A few weeks ago (June 2010), a new ‘Play Park Area’ opened in London at Hyde Park. The park is specifically targeted for the use of older people, those who are 60 years and older. The opening of the Park was very well covered in the media around the world.
Immediately upon reading some articles about the Senior Park as a concept I became very curious and wanted to investigate it further for the benefit of my own community. If the concept would be suitable, I thought, we could consider a similar kind of project in Australia. The weather in Queensland certainly is right for outside activities around the year. A Play Park Area like that could be an ideal addition to a Community Care Centre which does not have space enough for an indoor gym but is suitably positioned next to a park and secure enough to run activity programs for older people, including toilet facilities and a possibility of a cafe.
I emailed the Royal Parks in London and acquired an appointment with Emily, who had managed the Senior Park Project for the Royal Parks in London. She told me about the project as follows:
The aim of the design and construction of the Play Area according to the ‘Older People’s Play Area, Design and Access Statement’ was to “provide the greatest health benefit and ease of access while creating as little visual impact upon the surrounding landscape as possible.”
Some issues the project management has considered:
The Senior Park had to
- be in a secure place to allow the privacy and the safety of the equipment
- the park needed to be near a pavillion with a cafe, a covered area and the toilet facilities
- besides the activity element a social element had to be considered
- the set up of the park had to be specifically considered for older people’s comfort
- low impact equipment had to be chosen
- low visibility had to be considered for safety and heritage reasons
The Senior Park is situated in an enclosing with the Tennis Courts and the Lawn Bowling. The only entrance is through a Pavillion with toilets and cafe. It is enclosed by lovely gardens.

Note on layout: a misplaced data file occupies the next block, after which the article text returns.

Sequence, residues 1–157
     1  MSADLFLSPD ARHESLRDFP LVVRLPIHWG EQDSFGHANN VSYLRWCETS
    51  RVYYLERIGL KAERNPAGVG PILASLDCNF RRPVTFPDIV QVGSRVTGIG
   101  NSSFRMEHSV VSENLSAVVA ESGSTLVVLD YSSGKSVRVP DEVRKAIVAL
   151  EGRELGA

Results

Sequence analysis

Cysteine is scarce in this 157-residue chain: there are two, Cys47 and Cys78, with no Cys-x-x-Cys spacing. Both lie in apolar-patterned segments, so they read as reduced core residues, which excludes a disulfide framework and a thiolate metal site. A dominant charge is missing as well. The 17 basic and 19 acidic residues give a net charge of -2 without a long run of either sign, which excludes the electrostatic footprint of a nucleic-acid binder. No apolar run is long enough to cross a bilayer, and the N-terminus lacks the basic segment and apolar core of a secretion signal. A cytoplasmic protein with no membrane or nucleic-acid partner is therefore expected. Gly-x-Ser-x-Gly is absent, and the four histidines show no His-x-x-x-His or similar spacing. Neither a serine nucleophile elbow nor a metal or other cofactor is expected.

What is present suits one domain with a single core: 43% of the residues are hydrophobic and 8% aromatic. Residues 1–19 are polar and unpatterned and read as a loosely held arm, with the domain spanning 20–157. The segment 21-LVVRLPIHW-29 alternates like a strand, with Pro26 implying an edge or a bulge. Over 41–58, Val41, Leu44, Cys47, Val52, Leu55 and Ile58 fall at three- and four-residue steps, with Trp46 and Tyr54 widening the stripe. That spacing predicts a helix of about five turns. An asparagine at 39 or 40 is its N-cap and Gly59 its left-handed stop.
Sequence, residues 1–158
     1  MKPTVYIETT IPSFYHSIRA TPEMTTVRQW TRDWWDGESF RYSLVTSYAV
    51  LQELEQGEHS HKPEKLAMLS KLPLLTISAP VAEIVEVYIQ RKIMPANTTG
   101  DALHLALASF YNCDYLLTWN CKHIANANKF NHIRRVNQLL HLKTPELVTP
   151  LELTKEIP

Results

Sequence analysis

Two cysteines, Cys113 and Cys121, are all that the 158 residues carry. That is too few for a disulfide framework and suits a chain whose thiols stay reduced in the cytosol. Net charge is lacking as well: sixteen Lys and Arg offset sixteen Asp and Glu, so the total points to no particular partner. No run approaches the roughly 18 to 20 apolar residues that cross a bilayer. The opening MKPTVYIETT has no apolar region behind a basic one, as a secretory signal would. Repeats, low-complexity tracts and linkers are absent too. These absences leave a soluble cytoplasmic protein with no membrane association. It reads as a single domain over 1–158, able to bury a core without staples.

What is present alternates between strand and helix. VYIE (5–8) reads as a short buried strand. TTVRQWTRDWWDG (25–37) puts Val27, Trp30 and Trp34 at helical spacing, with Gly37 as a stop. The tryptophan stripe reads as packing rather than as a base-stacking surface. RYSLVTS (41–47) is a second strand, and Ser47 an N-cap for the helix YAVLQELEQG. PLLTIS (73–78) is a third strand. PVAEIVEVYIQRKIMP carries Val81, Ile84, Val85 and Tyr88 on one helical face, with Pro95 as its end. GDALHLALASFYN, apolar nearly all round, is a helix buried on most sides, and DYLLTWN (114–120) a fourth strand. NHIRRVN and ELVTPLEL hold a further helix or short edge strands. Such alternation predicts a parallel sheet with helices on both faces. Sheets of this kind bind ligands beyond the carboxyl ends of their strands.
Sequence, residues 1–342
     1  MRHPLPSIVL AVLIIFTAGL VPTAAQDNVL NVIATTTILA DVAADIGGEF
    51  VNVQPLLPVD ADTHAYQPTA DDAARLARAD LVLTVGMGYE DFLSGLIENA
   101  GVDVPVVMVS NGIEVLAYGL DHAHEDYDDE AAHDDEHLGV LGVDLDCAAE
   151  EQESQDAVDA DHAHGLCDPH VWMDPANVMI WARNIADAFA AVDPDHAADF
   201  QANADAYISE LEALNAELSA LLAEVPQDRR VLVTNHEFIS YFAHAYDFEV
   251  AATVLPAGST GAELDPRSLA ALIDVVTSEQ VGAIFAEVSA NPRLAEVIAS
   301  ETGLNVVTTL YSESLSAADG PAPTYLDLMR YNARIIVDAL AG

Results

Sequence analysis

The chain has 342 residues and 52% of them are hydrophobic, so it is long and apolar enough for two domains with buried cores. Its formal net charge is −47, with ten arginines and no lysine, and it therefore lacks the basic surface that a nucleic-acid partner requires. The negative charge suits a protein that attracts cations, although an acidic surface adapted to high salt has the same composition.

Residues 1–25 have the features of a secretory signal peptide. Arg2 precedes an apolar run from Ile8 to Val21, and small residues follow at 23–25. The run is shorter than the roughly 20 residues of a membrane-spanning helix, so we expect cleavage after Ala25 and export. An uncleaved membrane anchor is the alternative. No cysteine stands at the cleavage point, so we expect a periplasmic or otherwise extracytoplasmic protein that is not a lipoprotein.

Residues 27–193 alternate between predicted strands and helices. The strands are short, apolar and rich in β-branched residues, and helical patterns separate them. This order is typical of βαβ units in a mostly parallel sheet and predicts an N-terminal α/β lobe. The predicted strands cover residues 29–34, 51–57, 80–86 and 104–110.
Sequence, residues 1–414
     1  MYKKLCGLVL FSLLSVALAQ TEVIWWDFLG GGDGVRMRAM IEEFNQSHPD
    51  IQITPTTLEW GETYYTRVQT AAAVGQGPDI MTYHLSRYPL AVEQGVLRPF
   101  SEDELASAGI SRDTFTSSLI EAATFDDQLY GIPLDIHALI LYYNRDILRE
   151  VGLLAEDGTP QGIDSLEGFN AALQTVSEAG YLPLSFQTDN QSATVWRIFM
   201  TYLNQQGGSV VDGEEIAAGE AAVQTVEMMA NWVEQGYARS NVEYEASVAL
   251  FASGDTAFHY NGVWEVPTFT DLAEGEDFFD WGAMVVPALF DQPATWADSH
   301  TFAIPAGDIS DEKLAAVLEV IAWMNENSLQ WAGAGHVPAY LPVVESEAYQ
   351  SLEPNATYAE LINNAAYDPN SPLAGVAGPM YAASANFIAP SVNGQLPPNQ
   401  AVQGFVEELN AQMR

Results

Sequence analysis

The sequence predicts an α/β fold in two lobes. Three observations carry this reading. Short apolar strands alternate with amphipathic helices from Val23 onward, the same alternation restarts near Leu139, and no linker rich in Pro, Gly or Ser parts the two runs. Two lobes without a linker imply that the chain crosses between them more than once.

The setup of the Play Area is in a circular form. There are six low impact equipments situated in a circle, with three benches for social interaction. It is very easy to move around the circle between the equipment. The Park is enclosed with hedges for privacy and low visibility reasons.
The only thing Emily saw as a possible issue was that there is a children’s play area quite near. The equipment is not suitable for children under 15 years. There have been some issues of some equipment breaking down. It could possibly be due to usage by children.
The difference between the Trim Trail setup and the Senior Park setup for outdoor play area
I was really interested in what the difference is between just having gym equipment in a park and the concept of the Senior Park. Emily said that it is mainly the setup of the equipment where the social angle has to be taken into account; that the park is provided with benches for the possibility of socialisation. The other difference is in the circulars setup that enables easy access to the equipment. The visitors do not need to walk between the equipment like with the trim trail.
This is a gym equipment area at Leyton, London, with rock climbing and a circular Trim Trail setup for vigorous usage. My son’s comment on this was that he never needed to be a member of a gym as he could go to this area and exercise as much as he wanted to on a daily basis during the summer months.
Also, mark how people have added weights to some equipment to get more out of them. Also the visibility is to be considered. Here all the equipment are green and create much more visibility although still less than children's play areas which are real high visibility areas.
Some links on the net about the opening of the Senior Park: